Black and Blue - In this piece Sylvaine Strike and Daniel Mooi deliver a beautiful, exciting mix of mime and acting where every movement, word, expression and prop is made to tell. She is a widow whose husband hanged himself from a tree outside the house; he is a casual gardener who comes to her door looking for work. She is frozen by the horror that she has endured, locked in a world of nightmare punctuated only by her alarm clock and cups of tea, and slowly he thaws her back into her full humanity. There is humour - quite a lot - and tenderness, and the story is a very simple one, but the pure, crafted perfection of its realisation brings it to enchanting life. - Margaret von Klemperer

Bloodstream - Andrew Buckland's work never ceases to surprise with his clever ingenuity. This play deals with the last remaining tree, Patricia, which is about to be cut down by a mindless human, R. Solo. When she tells him to hold on one minute, time stops in the Universal Court of Karma, where the two gods, Bungee and Jump, try to solve the problem. This was one of my favourite sequences, with great depictions of the Hindu-type god and the other standard god-type. They eventually decide that Patricia goes into the bloodstream of the human to change his mind. The humour is silly and adolescent at times, but never fails to draw a laugh with its cleverness. For example, the tree says to the human that her kind have been "wiping your arses for I don't know how many years." The young company performs with gusto and enthusiasm, and if you like clever physical theatre, this is for you. - Janet Van Eeden

Crooked - It must be said that, as it stands at the moment, Crooked is deeply flawed. Directing one's own work is never easy, and maybe John van de Ruit should now bring someone in who will prune his black comedy ruthlessly. Particularly in the first half there is a need for more pace to prevent some of the plot twists from being signalled to the audience. The story of three incompetent kidnappers who mistakenly involve a smooth con artist in their efforts to get a ransom for an elderly lady they have grabbed in her wheelchair has altogether too much plot in it, and this leads to inconsistencies. And the set, with its apartheid era symbols, is never really integrated into the action, or even properly explained, leaving it verging on the offensive. There's a good idea in the piece, but not yet fully realised. - Margaret von Klemperer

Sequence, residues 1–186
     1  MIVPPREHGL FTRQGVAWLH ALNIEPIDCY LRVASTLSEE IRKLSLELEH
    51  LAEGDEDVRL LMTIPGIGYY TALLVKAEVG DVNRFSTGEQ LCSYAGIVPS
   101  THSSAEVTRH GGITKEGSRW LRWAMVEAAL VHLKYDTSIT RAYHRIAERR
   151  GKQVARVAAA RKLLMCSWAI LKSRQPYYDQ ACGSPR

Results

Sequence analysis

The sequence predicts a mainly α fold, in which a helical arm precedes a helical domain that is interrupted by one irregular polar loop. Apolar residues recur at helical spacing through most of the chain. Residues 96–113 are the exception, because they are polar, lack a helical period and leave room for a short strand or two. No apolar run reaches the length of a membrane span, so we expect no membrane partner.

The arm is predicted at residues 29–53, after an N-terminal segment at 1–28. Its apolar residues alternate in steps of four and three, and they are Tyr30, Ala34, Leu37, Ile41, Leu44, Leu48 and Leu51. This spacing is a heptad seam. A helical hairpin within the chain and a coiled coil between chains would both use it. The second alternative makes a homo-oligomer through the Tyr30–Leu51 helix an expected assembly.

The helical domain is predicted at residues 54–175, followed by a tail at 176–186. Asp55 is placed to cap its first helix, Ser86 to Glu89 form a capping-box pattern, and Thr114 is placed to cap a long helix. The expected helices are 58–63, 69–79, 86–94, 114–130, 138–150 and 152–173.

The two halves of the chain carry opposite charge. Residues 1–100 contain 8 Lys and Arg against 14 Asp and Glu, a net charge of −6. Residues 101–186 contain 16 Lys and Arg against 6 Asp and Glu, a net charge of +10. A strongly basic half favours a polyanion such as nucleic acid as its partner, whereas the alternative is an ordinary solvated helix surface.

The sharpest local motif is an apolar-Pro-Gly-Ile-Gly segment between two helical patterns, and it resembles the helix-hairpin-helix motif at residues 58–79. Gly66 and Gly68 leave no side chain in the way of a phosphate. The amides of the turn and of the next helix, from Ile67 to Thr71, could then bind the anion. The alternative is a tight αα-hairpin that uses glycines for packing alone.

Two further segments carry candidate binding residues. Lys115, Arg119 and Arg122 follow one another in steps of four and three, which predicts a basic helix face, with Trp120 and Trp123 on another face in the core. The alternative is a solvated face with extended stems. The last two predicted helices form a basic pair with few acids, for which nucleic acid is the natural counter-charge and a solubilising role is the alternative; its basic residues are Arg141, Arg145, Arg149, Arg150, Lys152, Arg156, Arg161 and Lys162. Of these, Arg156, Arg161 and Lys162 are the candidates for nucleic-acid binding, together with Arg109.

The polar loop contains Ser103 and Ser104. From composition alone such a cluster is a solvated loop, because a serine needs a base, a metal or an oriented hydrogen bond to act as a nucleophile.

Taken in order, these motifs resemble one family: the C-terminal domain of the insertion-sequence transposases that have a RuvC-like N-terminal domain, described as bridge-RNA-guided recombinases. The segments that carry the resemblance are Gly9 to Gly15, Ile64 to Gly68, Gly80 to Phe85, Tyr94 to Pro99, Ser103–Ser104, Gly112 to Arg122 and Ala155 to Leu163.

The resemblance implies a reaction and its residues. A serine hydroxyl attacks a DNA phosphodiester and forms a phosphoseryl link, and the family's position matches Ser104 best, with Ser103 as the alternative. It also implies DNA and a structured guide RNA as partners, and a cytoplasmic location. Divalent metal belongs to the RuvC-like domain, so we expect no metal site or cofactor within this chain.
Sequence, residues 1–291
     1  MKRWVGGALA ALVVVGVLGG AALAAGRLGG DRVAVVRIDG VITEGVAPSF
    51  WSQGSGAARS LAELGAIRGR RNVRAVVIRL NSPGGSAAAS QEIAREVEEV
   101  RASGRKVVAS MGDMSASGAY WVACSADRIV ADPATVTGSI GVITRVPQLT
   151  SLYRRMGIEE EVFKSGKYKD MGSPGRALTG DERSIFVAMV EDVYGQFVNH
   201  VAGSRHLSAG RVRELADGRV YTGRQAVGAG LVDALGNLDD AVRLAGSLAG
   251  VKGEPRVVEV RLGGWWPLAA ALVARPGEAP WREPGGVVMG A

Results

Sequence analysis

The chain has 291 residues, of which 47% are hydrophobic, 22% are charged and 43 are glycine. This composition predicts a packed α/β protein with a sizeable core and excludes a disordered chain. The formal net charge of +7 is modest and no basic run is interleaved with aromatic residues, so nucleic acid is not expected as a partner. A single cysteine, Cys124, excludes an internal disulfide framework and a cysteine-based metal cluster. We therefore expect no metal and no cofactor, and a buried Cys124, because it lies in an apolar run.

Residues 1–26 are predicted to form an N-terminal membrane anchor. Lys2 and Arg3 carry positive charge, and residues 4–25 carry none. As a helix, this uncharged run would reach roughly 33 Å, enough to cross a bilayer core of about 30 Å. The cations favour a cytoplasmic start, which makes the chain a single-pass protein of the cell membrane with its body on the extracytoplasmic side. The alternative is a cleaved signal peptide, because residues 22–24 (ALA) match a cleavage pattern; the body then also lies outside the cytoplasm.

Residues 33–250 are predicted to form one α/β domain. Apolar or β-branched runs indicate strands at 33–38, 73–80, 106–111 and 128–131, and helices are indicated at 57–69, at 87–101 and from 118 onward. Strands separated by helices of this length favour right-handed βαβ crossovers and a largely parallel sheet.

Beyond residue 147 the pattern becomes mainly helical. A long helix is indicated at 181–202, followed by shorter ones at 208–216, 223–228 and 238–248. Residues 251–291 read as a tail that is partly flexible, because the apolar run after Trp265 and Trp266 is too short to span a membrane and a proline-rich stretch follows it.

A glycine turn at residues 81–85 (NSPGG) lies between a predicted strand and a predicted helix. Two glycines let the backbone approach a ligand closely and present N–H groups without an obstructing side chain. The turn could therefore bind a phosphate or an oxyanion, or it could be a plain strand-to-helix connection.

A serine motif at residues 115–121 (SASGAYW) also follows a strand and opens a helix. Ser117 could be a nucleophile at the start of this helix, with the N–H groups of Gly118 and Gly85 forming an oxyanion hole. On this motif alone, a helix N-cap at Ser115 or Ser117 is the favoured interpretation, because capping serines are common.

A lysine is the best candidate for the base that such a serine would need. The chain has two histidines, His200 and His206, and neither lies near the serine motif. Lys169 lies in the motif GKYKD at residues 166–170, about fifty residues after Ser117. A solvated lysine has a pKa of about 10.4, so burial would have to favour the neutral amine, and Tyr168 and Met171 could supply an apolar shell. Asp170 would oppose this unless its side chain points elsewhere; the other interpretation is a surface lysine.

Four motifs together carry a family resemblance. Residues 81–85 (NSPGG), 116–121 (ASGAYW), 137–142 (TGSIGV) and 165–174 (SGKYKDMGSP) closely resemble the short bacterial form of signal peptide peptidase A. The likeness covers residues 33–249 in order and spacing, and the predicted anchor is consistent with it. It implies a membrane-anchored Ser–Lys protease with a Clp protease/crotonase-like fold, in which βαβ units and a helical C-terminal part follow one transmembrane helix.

Shopping and Schtupping - Apparently Gilda Blacher's agent was worried Shopping and Schtupping might be too Jewish for the goyim of Hilton. She needn't have, who after all could resist such one-liners as "I go to a liberal synagogue, we have five commandments and five suggestions". Blacher's show combined character studies alternating with stand-up comedy. Among the characters were Rifka, the eternal bridesmaid, Amber the 12-year-old going-on-thirty and a bag-lady with friends from outer space. One character sketch turned deadly serious, sitting uneasily with the rest of the material. But it was well-written enough to make you think that given a director and a tighter hand Blacher could be even better than she is. Anyway she certainly gets my vote for her spot-on deconstruction of that crappy beer commercial that bleats of how great it is to be a man. Even if you're not Jewish. - Stephen Coan

The Compleat Wrks of Wllm Shkspr (Abridged) - Steven Stead, Michael Gritten and Neil Coppen have a ball in this Peter Court directed romp through Shakespeare. The play has been around for a long time, playing in London's West End, but it is still great fun, if a bit messy (imagine Titus Andronicus as a cooking show and work out where the ingredients are coming from, and you can see what I mean). Audience participation is kept to a maximum and a good time is had by all. Once or twice things did begin to get a little out of hand - to work really well, this kind of bordering-on-slapstick comedy has to be tightly controlled. But it is so good natured that almost anything can be forgiven. - Margaret von Klemperer.

A Little Pride and Prejudice - This is an amiable enough telling of Jane Austen's classic story, but slightly marred by a couple of oddities, including the exclamation of "yirrah" by the actress playing the maid as she came in to change the scene and provide a bit of linking commentary. It gives the whole a rather amateurish air. But the idea of sitting in Mrs Bennet's drawing room (in a comfortable chair, which is a festival first!) and being given a cup of tea on arrival is a pleasant one. - Margaret von Klemperer